Tucson news reporter Matthew Schwartz’s memoir Confessions of an Investigative Reporter makes its debut March 14 at the Tucson Festival of Books, and the longtime broadcast journalist is excited to share his experiences with readers.
Schwartz, who currently works for NBC affiliate KVOA, has covered nearly 10,000 stories during his four-decade career and won more than 200 awards, including four New York Emmys and four regional Edward R. Murrow Awards for Investigative Reporting. He says the book gave him a chance to discuss things he couldn’t say on television.
“Confessions of an Investigative Reporter is not only for news junkies, it’s for anyone who cares about fairness and their community,” Schwartz told Arizona Daily Independent. “But some people won’t like parts of it. I am ok with that, I had to be honest.”
Schwartz, 66, was based in New York from 1983 to 2003 where he covered the trials of mobster John Gotti and reported from ground zero post-9/11. He then moved to Tampa where he uncovered numerous business scams and government corruption before relocating in 2013 to Tucson.
“I still love telling people about fraud and corruption,” he says. “It’s great to have a job in which you can make a difference.”
According to Schwartz, he first thought about writing a memoir several years ago as a way to leave a legacy behind for his family and friends. He kept hundreds of notes over the years, but the book project remained a “bucket list thing” until Schwartz formally started writing in April 2019.
“There weren’t many frustrating times while writing,” he recalls. “The difficult thing was organizing the content in a way that would be reader-friendly.”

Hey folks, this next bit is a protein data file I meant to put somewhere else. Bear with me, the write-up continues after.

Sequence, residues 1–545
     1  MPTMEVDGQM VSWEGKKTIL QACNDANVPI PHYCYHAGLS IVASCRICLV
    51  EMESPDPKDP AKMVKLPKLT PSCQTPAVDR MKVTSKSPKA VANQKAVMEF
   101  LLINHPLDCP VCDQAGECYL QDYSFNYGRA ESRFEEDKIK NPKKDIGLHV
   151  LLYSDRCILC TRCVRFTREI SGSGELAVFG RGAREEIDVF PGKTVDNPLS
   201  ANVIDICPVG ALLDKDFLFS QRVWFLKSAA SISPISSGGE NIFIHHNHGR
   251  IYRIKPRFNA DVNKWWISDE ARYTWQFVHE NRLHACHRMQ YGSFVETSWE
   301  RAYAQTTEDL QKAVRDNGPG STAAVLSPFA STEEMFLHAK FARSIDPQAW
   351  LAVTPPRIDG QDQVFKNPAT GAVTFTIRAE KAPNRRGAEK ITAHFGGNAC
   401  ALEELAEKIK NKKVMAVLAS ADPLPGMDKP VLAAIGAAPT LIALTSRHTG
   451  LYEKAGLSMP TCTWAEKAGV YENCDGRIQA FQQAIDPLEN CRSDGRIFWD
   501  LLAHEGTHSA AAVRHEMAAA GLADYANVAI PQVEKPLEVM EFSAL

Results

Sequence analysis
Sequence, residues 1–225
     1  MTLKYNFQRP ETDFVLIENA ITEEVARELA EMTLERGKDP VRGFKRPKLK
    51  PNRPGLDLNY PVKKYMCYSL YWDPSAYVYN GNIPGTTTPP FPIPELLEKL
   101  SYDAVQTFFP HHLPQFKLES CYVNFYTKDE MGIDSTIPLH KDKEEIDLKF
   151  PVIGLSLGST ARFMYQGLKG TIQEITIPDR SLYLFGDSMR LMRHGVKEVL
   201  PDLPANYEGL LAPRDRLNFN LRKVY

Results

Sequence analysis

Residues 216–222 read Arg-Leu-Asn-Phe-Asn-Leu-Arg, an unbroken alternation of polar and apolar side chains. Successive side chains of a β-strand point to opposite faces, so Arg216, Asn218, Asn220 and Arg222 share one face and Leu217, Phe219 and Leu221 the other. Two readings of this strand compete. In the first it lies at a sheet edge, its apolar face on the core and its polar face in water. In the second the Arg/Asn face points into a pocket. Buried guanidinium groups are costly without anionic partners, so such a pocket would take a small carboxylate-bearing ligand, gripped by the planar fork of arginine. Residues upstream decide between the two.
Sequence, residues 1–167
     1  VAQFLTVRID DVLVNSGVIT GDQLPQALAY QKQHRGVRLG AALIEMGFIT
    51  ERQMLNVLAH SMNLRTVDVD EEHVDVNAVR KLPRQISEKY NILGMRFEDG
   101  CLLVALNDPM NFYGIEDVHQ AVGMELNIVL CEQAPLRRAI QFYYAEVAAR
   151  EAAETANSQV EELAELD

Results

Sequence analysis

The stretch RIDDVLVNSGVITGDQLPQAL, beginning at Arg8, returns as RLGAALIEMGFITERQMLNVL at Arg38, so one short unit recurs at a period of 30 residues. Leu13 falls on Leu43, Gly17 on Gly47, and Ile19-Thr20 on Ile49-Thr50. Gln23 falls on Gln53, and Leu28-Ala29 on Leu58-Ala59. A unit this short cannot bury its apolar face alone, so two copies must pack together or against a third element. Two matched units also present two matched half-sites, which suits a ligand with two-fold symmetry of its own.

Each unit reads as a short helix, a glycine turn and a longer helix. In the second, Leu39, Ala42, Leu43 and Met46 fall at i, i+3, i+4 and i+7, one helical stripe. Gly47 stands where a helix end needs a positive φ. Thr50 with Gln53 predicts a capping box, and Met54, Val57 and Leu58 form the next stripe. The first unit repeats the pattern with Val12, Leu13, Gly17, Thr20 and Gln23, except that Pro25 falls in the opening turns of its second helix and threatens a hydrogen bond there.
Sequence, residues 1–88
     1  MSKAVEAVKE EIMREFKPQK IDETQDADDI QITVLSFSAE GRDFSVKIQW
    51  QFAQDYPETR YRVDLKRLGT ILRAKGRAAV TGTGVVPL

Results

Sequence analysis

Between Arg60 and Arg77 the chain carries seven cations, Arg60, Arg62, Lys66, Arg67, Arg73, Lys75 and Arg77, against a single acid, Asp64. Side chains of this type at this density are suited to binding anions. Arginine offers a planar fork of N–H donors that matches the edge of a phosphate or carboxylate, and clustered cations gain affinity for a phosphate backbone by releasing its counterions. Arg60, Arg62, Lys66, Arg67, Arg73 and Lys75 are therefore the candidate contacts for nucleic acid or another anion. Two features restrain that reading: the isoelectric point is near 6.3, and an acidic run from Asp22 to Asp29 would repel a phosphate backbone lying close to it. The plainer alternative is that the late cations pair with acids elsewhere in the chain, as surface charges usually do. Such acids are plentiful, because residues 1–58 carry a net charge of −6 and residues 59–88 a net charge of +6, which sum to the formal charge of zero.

Confessions includes on-air highlights and lowlights – like when Schwartz was forced to lie during a broadcast of his coveted prison interview with David “Son of Sam” Berkowitz, and the time an investigatory target swung at his head with a baseball bat.
But the memoir also includes Schwartz’s musings about cable news, local news, and young reporters, as well as behind-the-scenes information about some stories Schwartz has reported.
Several Arizona-based stories made the final cut, including the rape prosecution of former University of Arizona Dean Jesse Lyle Bootman and the steroid scandal at Tucson Greyhound Park. Schwartz also delves into coverage of Sierra Vista mom Marina Garcia, who told her deployed U.S. Army husband their unborn son died, when she actually falsified the newborn’s birth certificate so friends could raise the baby.
Schwartz says he intended to self-publish his memoir, but that changed once he started asking for feedback.
“When I finished the rough draft of the manuscript, I sent it to some journalists I know and some I don’t know,” he said. “Their responses were positive, and I was encouraged to pitch it to a traditional book publisher.”
The first publisher Schwartz shared Confessions with was Koehler Books, a small independent publishing house in Virginia.
“They loved it and gave me a traditional deal, complete with an advance,” he recalls. “I am thrilled!”
Early reviews for Schwartz’s first literary effort have been positive, including one by best-selling New York Times author Bob Dotson, who calls Confessions of an Investigative Reporter a “fascinating look behind the media mirror that reflects celebrity and power.” Another review, by TV news producer Michael Horowicz, calls Schwartz “a passionate storyteller” who has written “a thrilling and poignant account of his life and career.”
Schwartz may write another book, possibly a biography. But for now, he plans to spend the year promoting Confessions while maintaining his full-time gig with KVOA.
For those who can’t make it to the festival, pre-ordering is now available at BarnesAndNoble.com and Amazon.